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6 September 2016 Multivariable parametric cost model for space and ground telescopes
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Parametric cost models can be used by designers and project managers to perform relative cost comparisons between major architectural cost drivers and allow high-level design trades; enable cost-benefit analysis for technology development investment; and, provide a basis for estimating total project cost between related concepts. This paper hypothesizes a single model, based on published models and engineering intuition, for both ground and space telescopes:

OTA Cost ~ (X) D (1.75 ± 0.05) λ (-0.5 ± 0.25) T-0.25 e (-0.04) Y

Specific findings include: space telescopes cost 50X to 100X more ground telescopes; diameter is the most important CER; cost is reduced by approximately 50% every 20 years (presumably because of technology advance and process improvements); and, for space telescopes, cost associated with wavelength performance is balanced by cost associated with operating temperature. Finally, duplication only reduces cost for the manufacture of identical systems (i.e. multiple aperture sparse arrays or interferometers). And, while duplication does reduce the cost of manufacturing the mirrors of segmented primary mirror, this cost savings does not appear to manifest itself in the final primary mirror assembly (presumably because the structure for a segmented mirror is more complicated than for a monolithic mirror).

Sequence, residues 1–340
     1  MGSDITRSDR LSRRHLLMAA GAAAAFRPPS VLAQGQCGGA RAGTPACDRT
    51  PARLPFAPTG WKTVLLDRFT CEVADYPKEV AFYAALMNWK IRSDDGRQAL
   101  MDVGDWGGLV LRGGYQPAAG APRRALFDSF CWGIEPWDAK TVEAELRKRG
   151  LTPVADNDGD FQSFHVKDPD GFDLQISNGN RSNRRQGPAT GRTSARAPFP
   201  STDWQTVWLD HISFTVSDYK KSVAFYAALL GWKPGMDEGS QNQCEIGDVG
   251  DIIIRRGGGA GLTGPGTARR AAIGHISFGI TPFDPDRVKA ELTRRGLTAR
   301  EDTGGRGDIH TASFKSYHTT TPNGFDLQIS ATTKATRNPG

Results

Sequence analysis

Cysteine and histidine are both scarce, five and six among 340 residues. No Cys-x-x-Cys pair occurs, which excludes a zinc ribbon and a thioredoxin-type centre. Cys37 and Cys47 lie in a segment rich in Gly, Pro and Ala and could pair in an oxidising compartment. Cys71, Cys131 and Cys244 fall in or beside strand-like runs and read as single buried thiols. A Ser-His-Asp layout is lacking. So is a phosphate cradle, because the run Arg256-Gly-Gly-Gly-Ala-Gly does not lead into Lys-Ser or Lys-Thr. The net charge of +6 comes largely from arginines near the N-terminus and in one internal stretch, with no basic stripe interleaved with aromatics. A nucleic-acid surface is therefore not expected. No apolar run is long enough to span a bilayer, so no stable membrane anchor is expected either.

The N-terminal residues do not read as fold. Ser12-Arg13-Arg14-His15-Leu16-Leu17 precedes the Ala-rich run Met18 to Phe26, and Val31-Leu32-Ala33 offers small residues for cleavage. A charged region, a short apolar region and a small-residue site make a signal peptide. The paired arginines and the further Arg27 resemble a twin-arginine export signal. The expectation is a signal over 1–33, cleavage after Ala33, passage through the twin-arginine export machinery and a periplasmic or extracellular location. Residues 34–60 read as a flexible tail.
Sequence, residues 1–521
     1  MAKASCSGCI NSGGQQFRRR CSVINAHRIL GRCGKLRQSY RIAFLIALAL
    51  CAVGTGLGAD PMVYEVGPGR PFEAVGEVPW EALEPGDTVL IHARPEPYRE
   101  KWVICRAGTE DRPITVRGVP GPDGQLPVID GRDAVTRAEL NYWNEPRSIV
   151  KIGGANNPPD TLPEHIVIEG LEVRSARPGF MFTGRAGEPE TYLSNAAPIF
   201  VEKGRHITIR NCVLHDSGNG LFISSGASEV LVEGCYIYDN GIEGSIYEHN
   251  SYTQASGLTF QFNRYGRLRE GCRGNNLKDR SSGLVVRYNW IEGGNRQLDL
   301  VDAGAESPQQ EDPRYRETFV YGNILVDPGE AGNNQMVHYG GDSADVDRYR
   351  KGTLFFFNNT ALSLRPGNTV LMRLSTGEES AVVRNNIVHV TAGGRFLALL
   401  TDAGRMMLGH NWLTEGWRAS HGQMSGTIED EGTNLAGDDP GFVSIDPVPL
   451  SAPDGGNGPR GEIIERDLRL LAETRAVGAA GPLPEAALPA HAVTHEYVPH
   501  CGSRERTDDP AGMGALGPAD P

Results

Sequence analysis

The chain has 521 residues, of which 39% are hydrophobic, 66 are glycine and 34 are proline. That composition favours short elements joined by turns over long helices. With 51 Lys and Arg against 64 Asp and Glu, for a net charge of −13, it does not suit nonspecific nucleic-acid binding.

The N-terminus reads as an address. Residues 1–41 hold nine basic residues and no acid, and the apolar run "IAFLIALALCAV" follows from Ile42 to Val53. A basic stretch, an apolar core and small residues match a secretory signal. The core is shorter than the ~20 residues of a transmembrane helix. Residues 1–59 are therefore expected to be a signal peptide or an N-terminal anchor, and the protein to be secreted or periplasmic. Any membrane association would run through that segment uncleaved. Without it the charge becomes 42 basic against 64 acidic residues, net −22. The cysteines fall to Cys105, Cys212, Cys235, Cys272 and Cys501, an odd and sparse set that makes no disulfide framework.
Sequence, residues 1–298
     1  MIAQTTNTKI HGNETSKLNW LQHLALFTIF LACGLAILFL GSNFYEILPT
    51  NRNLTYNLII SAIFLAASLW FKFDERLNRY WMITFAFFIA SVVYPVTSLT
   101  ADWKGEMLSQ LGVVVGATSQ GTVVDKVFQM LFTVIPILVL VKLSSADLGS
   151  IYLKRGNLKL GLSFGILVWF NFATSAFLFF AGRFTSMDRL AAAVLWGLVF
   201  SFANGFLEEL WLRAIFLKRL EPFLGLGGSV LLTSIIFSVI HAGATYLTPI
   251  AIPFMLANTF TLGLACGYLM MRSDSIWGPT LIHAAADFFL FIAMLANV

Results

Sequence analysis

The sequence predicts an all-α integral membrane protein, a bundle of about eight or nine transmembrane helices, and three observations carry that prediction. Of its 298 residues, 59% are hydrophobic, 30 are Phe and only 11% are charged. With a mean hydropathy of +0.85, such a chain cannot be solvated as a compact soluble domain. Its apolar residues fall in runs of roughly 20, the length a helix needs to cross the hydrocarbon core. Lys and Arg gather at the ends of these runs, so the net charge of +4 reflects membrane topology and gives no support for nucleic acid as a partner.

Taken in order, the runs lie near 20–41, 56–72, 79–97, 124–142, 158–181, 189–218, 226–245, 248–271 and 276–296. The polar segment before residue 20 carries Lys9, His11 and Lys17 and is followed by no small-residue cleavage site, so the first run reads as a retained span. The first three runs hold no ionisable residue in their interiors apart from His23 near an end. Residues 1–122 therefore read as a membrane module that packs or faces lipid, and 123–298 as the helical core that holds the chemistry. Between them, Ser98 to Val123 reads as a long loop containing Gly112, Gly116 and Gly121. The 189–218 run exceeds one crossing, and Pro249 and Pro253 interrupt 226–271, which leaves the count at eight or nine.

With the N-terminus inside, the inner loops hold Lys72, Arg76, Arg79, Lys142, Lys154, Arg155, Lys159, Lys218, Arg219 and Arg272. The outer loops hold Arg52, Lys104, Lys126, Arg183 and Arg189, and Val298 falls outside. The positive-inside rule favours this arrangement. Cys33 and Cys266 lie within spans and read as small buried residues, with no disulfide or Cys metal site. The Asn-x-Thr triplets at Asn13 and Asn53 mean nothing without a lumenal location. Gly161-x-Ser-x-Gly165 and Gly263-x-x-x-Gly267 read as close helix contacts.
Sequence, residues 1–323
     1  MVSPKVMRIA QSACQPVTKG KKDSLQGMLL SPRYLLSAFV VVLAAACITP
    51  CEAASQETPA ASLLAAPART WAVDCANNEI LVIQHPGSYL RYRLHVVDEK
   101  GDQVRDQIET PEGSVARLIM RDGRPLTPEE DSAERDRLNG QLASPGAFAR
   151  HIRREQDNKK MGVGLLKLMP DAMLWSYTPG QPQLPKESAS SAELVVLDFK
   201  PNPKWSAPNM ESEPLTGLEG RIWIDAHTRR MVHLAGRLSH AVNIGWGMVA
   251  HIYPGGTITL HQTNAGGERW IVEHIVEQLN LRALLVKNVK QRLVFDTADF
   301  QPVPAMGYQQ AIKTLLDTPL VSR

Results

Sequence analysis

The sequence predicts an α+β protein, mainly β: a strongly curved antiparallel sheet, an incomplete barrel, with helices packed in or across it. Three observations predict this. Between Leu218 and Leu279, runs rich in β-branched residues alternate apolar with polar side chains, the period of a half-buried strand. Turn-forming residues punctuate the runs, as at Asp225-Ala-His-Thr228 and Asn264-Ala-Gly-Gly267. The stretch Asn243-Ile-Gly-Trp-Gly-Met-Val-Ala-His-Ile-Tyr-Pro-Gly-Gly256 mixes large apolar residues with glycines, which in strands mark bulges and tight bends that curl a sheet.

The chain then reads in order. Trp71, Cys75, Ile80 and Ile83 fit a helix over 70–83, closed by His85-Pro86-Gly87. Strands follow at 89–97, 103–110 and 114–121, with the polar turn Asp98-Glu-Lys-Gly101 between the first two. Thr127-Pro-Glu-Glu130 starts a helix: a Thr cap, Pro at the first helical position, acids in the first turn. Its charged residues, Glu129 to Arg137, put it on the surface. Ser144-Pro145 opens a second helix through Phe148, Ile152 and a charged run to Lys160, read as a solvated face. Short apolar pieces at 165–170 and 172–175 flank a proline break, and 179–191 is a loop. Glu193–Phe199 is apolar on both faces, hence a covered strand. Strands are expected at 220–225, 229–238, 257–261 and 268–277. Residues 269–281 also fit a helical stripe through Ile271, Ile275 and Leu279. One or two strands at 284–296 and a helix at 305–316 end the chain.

© (2016) COPYRIGHT Society of Photo-Optical Instrumentation Engineers (SPIE). Downloading of the abstract is permitted for personal use only.
H. Philip Stahl and Todd Henrichs "Multivariable parametric cost model for space and ground telescopes", Proc. SPIE 9911, Modeling, Systems Engineering, and Project Management for Astronomy VI, 99110L (6 September 2016);


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